The following article is from guest writer, Howard Roark. Howard tells us the story behind the story of the Fox v. Dish dispute.
Back in the early and mid 1990s, there were three satellite positions over the United States that were auctioned off to broadcast television back to earth. The first was bought by former Hughes Aerospace and became what we know today as DirecTV. Back then, satellite providers were not able to broadcast local channels, so satellite was at a distinct disadvantage to cable and over the air broadcast TV (rabbit ears). The second and geographically the least favorable slot, since is did not cover the entire continental U.S., was purchased by a former poker player named Charlie Ergen who named his company Echostar, the current DISH Network. The final slot was purchased by the phone company MCI (remember them?) who had just received a huge cash investment by British Telecom.
Rupert Murdoch, the CEO of News Corporation, the parent of the network FOX, is the pioneer of the direct broadcasting satellite (DBS) business. He founded BSkyB, the leading multi-channel broadcasting company in Great Britain which has larger market share in that country than even cable. Murdoch also owned satellite companies in Australia and South America and desperately wanted a significant DBS presence in the U.S. Unfortunately for him, his ally MCI had a favorable geographical position, but was the third mover into a market that only had room for two competitors since cable had such huge market share. In 1997, Murdoch struck a much-publicized 50-50 alliance with Echostar. The former brought a strong balance sheet, a favorable longitudinal position over the U.S. and a few, yet to be launched, satellites to the table while the latter added in its existing customers and its recognized brand in the marketplace. Everything was in place to create a viable competitor to DirecTV and, more importantly, to cable.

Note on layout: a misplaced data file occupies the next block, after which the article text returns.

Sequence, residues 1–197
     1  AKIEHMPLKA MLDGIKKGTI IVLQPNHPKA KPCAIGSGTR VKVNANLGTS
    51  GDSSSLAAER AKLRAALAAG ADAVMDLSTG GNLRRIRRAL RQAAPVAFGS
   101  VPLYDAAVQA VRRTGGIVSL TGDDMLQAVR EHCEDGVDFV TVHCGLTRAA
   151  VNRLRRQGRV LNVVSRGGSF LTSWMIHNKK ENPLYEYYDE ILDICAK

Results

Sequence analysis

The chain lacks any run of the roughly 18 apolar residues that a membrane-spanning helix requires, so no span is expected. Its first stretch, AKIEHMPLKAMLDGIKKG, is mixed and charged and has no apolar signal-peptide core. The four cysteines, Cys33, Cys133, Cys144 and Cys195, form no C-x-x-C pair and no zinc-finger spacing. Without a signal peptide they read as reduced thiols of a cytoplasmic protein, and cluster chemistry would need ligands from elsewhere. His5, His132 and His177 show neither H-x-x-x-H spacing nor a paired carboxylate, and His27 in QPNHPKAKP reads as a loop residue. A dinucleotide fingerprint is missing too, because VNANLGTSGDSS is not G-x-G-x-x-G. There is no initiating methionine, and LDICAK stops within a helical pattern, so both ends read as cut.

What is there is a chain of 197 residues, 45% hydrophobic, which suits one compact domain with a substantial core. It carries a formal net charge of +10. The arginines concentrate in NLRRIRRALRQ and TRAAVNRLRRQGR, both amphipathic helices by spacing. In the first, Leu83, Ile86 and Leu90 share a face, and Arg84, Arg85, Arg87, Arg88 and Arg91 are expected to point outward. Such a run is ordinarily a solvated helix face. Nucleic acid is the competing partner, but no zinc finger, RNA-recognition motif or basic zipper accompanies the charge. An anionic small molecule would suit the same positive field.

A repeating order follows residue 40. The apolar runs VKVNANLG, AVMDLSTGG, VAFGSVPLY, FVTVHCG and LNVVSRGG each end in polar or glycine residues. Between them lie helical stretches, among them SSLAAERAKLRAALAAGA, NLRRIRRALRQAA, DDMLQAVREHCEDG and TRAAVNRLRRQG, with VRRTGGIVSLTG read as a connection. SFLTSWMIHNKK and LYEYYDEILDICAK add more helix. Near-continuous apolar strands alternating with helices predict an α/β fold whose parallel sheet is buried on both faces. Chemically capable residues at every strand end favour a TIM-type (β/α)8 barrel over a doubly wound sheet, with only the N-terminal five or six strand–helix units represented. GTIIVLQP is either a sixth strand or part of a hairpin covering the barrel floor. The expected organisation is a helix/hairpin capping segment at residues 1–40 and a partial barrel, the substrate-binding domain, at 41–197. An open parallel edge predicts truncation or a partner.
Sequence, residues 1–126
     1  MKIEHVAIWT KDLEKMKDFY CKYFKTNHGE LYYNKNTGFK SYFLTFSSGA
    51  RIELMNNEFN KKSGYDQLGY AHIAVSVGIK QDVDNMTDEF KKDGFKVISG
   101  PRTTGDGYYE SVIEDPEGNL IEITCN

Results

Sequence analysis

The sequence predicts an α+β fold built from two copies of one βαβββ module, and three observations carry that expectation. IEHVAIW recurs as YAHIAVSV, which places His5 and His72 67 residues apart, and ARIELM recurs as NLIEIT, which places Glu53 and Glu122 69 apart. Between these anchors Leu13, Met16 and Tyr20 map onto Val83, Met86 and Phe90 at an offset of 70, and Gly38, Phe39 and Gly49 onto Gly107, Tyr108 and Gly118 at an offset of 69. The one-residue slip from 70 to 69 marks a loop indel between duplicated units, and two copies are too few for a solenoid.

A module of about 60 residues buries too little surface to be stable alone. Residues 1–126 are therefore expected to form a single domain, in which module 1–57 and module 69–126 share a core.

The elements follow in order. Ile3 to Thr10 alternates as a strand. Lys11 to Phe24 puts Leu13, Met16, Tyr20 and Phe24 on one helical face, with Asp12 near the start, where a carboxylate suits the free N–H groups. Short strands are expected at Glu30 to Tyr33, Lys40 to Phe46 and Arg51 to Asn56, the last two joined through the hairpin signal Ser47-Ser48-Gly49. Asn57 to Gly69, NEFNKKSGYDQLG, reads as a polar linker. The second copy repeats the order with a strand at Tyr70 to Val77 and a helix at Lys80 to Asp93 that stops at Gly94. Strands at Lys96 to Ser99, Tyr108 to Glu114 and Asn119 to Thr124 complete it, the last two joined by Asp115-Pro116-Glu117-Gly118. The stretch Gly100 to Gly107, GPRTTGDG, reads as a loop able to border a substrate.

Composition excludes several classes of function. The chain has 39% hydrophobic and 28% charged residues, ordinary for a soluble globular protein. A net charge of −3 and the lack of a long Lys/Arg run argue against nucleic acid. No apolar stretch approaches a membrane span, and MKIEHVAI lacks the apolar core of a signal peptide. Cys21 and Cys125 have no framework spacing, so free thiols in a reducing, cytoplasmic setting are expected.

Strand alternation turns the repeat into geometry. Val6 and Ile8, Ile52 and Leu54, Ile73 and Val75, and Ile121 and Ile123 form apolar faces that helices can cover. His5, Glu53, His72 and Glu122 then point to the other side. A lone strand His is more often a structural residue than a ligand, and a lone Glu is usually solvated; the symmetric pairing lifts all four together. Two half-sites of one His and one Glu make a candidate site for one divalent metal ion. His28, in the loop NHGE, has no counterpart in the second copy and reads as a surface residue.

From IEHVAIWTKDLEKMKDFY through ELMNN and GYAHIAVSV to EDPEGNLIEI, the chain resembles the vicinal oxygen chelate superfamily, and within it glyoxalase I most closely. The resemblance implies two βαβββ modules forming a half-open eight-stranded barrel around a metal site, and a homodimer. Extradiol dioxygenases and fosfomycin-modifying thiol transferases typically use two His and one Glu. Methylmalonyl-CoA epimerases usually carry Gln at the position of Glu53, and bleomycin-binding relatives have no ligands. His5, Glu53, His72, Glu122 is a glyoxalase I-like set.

Six months later, the deal between Fox/MCI and Dish Network fell apart, mostly because Ergen and Murdoch, two gigantic egos, could not get along. The ostensible cause of the split was that Dish did not agree to use the encryption technology and set top boxes developed by one of News Corp.’s affiliate companies. This technology is strategic in that it allows control of the end customer, something both companies ultimately wanted. Also, by then, Dish’s cash position had improved, and Ergen did not need Murdoch’s balance sheet anymore. But, Dish still lacked full coverage of the U.S. due to where its satellites were located in space and the curvature of the Earth. Ergen gambled and decided to go it alone, thereby essentially killing the Fox/MCI venture which had no satellites in space and no customers.
In a humiliating moment in an otherwise brilliant career, Murdoch was forced to sell his satellite position and other DBS assets to Ergen at far less than they had been valued when the two companies had merged.
This handed Dish total coverage of the U.S. while eliminating an unprofitable investment for Fox.
It is safe to say Murdoch has never forgiven Ergen for this unusual defeat. The story did not end there, however.